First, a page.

How to Deploy Open-Source PACS on Nutanix Acropolis Container Services with Persistent Storage

In this article I’ll demonstrate how to deploy an open-source PACS solution (DICOM server) on Nutanix using Acropolis Container Services and implementing persistent storage using Nutanix Volume Services. If you are not familiar, PACS (Picture Archiving and Communication System) is a healthcare technology for the short- and long-term storage, retrieval, management, distribution and presentation of medical images.

Im using Orthanc, a Belgian, open-source, lightweight DICOM server for healthcare and medical research. Orthanc aims at providing a simple, yet powerful standalone DICOM server. It is designed to improve the DICOM flows in hospitals and to support research about the automated analysis of medical images.

For this implementation you may also use the Free Nutanix CE.



Getting Started… First you will need to download the Docker machine-driver and a Docker host VM image from the Nutanix support portal to your computer. Docker-machine works with VMs and dockers inside it. Since VMs can be on physical servers, virtual or cloud, it provides drivers that lets you work with each one the way they require. Next you will use the Prism image service to upload the Docker host VM image to your Nutanix cluster. Detailed instruction can be found here.

Now you need to create the Docker host VM using the Docker host VM image previously uploaded using the Prism image service. Detailed instruction can be found here. Make sure you have installed the docker-machine drivers for Nutanix in your computer – they are also available from the Nutanix Portal, here.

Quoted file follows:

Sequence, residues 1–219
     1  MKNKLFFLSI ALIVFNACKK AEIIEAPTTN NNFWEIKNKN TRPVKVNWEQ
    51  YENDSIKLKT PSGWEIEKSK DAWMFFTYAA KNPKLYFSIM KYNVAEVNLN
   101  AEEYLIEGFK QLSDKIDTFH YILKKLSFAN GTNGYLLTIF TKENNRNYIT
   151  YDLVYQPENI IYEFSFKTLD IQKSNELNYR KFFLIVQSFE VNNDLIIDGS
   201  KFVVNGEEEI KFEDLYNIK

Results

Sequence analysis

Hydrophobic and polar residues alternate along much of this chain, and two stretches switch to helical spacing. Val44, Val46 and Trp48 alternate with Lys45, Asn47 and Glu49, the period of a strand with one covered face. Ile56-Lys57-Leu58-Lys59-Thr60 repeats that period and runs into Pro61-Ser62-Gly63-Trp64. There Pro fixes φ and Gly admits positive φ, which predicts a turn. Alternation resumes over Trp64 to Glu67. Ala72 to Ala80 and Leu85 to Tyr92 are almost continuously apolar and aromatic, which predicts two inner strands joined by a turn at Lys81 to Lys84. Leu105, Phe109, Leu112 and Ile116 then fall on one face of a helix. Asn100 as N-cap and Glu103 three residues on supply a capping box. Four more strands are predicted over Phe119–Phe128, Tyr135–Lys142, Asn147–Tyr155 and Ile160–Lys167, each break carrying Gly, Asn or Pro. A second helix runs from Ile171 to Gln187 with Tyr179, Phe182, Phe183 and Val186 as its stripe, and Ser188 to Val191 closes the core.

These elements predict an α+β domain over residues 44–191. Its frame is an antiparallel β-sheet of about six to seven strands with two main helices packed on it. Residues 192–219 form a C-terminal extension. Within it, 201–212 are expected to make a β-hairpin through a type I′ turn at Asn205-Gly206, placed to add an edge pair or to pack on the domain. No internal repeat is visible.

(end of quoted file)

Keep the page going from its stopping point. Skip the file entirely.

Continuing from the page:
To create the Docker host VM type the below command in your workstation.

$ docker-machine -D create -d nutanix –nutanix-username admin –nutanix-password ‘password’ –nutanix-endpoint ‘’ –nutanix-vm-image container-host-image-20160628 –nutanix-vm-network ‘0’ nutanix-docker-orthanc


Important : The latest Yum update package introduced a docker-machine bug that affect Docker service and has not been fixed yet. After the Docker host VM is created you’ll need to ssh into the Docker host VM and edit docker.service. Follow the instructions below.

$ docker-machine ssh nutanix-docker-vm-orthanc
vi /etc/systemd/system/docker.service
Add a ‘#’ in front of Requires=docker.socket and save config file


Now you’ll need to to log in (ssh) to the Docker host VM and start the Nutanix storage volume plug-in by running an interactive script. This script is responsible for creating the persistent storage assignment for the orthanc container. Detailed instruction can be found here.

$ docker-machine ssh nutanix-docker-vm-orthanc
[[email protected] ~]# ./
Starting Nutanix volume plugin container…
Redirecting to /bin/systemctl restart docker.service
Enter prism ip address:
Enter Dataservices ip address:
Enter prism username: admin
Enter prism password:
Enter nutanix container where you want persistent volumes: default-container-42076
prism ip address :
dataservice ip address:
prism username : admin
default container : default-container-42076